I bought a vacuum cleaner once from a come-to-house salesman,and he demonstrated it usefulness very well. Took the order, followed up nicely and after a few days sent in the box. But the vacuum was very high value unlike the usual retail ones, as it could clean dust mites from beds and had multiple heads for various tasks. It could also suck up a shit ton of dust, not into a bag, but into a water container....

It's called Rainbow. (but it's not coloured rainbow!)
 

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You're going to crash and burn.

Get something to sell. Luckily for you, there are companies that will let you sell for them on a freelance basis. Find them and sell that.
 

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Get a job doing telemarketing, you will get paid training, then just quit after a few days lol. Go learn from the best!
 

sparechange

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The trick to sales is asking leading questions, dancing with the person on the phone and asking them questions they will say yes to, then throw in a money ask, example, hey Gerry I'm sure you'd like to increase some of your profits right?! Perfect!! I won't take up to much of your time >> spew ur crap and go in for money ask
 
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Vilox

Vilox

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Day 1
Alright, done for today.

The plan was for me to start at 9. Well, at around 8:30 I started pacing like a caged animal through my apartment. After doing that for the better part of two hours I managed to pull myself together and got started. I can't really say what makes me so nervous about the whole thing. On a purely rational level that's ridiculous. Doesn't change the fact that my emotions are in turmoil, even now that it's over.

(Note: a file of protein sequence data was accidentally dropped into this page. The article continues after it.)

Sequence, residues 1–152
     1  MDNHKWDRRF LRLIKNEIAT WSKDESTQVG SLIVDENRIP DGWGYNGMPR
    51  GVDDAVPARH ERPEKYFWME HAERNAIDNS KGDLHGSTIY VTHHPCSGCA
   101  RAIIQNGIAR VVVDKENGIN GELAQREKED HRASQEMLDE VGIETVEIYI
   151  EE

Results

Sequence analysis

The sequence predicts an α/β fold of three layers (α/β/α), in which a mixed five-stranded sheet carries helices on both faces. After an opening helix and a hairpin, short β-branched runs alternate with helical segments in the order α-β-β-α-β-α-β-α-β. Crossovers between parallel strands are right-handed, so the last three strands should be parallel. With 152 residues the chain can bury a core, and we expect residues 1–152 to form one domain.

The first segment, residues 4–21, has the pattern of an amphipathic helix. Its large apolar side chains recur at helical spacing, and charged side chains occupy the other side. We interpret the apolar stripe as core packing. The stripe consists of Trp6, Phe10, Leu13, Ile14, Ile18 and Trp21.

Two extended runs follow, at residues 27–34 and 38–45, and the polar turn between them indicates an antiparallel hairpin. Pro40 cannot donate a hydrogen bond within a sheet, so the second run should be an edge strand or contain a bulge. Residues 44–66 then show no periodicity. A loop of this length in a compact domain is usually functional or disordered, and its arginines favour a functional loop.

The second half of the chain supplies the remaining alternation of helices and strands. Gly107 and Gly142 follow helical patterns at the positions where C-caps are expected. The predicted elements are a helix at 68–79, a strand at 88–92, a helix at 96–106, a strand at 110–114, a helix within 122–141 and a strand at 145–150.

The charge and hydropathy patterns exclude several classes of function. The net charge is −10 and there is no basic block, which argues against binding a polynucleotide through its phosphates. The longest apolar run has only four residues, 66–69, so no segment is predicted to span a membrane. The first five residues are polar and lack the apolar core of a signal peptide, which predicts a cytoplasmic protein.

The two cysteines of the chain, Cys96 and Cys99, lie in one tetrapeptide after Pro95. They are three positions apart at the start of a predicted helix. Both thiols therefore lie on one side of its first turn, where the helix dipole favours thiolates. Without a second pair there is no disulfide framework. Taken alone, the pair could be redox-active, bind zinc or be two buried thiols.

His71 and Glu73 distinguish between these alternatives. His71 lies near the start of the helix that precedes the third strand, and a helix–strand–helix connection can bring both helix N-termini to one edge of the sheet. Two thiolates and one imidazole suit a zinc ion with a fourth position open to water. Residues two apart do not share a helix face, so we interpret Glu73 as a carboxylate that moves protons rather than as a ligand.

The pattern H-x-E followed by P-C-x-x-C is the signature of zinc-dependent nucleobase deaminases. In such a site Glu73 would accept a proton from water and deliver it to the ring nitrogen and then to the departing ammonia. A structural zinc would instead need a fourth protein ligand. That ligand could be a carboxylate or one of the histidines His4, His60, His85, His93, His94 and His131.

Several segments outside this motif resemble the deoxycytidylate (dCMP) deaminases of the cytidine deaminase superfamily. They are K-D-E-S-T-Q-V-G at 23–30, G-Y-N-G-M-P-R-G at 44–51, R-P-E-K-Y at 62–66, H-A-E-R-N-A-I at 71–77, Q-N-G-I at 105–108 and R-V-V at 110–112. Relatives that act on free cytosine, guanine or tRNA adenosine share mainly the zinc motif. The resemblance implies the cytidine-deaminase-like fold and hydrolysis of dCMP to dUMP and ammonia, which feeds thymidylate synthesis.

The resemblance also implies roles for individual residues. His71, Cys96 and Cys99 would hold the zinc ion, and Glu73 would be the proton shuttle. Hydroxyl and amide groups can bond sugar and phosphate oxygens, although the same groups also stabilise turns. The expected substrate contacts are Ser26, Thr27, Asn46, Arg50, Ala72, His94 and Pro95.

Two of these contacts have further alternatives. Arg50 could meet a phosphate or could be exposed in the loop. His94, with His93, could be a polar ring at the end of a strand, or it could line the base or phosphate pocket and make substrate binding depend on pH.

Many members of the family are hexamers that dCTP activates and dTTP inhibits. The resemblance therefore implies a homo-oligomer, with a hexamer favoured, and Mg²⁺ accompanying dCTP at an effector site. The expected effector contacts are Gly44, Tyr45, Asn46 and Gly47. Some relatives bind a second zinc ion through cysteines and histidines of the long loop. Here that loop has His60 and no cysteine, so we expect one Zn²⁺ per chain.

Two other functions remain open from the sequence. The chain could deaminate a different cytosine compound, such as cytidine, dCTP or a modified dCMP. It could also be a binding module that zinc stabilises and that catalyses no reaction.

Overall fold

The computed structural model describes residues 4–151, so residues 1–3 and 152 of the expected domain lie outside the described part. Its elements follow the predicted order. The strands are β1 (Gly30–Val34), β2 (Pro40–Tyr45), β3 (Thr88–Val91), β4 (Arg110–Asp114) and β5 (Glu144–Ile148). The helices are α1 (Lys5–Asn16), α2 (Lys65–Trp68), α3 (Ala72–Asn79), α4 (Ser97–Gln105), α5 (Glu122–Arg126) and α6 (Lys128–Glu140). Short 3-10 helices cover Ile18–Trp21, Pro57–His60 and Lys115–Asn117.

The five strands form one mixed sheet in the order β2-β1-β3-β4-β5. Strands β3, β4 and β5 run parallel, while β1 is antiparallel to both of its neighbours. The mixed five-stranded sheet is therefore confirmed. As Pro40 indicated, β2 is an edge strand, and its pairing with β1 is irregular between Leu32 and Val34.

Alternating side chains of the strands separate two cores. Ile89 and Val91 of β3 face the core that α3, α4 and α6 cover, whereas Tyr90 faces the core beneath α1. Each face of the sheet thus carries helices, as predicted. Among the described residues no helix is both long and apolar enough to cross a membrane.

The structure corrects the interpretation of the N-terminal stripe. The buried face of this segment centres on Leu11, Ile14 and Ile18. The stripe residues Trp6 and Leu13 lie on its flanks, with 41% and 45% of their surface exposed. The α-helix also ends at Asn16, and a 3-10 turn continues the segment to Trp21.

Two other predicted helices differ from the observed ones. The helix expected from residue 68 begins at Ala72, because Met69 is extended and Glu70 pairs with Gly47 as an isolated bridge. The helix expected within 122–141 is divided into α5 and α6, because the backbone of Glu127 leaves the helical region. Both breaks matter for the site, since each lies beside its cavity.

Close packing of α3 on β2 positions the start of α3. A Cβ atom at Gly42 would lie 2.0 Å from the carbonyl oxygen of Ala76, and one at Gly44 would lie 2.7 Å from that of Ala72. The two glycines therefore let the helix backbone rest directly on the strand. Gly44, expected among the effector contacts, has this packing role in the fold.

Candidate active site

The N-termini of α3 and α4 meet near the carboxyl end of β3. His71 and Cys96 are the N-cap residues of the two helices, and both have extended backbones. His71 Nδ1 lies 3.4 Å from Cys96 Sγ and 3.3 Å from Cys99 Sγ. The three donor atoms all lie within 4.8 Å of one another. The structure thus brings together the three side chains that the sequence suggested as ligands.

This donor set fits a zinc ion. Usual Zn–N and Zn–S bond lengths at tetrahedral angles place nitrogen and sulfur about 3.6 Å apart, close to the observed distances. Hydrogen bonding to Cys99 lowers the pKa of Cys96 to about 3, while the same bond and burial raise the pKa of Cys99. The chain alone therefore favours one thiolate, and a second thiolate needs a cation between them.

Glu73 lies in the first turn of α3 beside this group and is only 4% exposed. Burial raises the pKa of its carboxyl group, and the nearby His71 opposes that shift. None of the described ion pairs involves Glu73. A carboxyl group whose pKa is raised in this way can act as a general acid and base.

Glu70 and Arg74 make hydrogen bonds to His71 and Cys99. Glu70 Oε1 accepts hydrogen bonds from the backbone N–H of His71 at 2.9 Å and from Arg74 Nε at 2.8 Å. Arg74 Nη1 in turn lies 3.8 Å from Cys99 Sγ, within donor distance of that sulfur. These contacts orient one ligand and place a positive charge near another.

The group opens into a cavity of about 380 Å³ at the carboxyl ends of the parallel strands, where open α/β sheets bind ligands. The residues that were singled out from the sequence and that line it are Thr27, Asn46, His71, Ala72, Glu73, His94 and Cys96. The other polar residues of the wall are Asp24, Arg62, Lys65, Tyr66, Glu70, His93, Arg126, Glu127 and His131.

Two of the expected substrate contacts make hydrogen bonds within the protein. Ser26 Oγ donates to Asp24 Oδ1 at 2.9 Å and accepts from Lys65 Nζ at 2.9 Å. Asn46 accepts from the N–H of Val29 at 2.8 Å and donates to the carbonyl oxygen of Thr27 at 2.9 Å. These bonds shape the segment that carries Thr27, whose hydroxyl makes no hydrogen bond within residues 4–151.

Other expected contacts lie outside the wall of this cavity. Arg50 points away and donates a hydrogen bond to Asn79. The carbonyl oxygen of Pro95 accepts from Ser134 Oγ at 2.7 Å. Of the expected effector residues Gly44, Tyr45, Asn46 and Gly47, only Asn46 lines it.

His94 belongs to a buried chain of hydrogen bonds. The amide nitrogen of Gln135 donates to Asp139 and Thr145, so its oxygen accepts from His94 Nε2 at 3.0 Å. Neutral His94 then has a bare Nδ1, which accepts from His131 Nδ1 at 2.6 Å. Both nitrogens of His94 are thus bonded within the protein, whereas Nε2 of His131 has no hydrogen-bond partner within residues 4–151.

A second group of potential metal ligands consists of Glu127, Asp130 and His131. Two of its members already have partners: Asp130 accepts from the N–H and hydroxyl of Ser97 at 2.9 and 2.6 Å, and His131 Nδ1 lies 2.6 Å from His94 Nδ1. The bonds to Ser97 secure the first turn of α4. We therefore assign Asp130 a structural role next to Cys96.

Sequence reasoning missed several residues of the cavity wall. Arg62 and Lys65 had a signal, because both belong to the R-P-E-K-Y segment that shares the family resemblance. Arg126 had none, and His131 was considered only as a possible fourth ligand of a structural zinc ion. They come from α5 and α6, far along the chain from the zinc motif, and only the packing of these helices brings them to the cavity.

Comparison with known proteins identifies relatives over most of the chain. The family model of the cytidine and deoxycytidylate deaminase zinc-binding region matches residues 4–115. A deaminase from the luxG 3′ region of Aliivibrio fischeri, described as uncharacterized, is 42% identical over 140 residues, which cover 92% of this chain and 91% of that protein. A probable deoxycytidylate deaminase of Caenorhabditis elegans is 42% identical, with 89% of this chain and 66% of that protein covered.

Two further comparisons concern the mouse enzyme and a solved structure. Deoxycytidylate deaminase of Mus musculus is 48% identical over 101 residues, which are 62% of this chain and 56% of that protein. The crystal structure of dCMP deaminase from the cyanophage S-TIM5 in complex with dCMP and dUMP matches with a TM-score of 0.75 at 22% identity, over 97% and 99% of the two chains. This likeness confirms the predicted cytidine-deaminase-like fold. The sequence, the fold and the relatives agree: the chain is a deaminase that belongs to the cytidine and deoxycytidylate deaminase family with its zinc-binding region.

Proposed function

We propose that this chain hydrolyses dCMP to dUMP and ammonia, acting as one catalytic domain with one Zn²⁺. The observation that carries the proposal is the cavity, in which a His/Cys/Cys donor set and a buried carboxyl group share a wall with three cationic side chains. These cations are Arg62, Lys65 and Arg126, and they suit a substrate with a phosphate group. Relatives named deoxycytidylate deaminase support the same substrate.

Here are a few things I observed and learned today:
  • By far the most common sentence I heard was "we already have a guy doing that". I spent some time yesterday to make sure to only call companies whose sites are in desperate need of a rework, so I feel like that shouldn't have stopped me. I'll have to do some reading on how to overcome common objections. My response to hearing that so far has been ("Nothing you can do. Thanks for your time, bye!")
  • The sales script definitely helps, but the structure is terrible and doesn't really flow with the conversations I'm having. Definitely need to make some adjustments.
  • I agree with what people said earlier: It would definitely help to sell something that exists and provides real value. I got quite a few messages already from people asking me to do sales for them. And while I appreciate the offers, there are two issues:
  1. I'm in Europe and can only make calls in the morning, so hitting up companies in the US doesn't work due to time zone differences
  2. As of right now, I'm a stumbling mess who can't close shit and get's a nervous breakdown just by thinking of getting back on the phone. But that's something I'll get over real soon. In the meantime, I'll reach out to a few local folks who do good work and offer to help them sell their product
And some minor things:
  • I printed the names and numbers of the companies I wanted to call on a sheet of paper and had my computer turned off the whole morning. Pretty sure I would have managed to get lost on the Internet if I hadn't done that.
  • I use Skype on my iPad to make the calls. But entering a number manually and waiting for Skype to connect takes around 30 seconds per call. Doesn't sound like much, but definitely adds up with increasing volume. But since optimizing workflow is the least of my problems right now I'll push that issue back a little.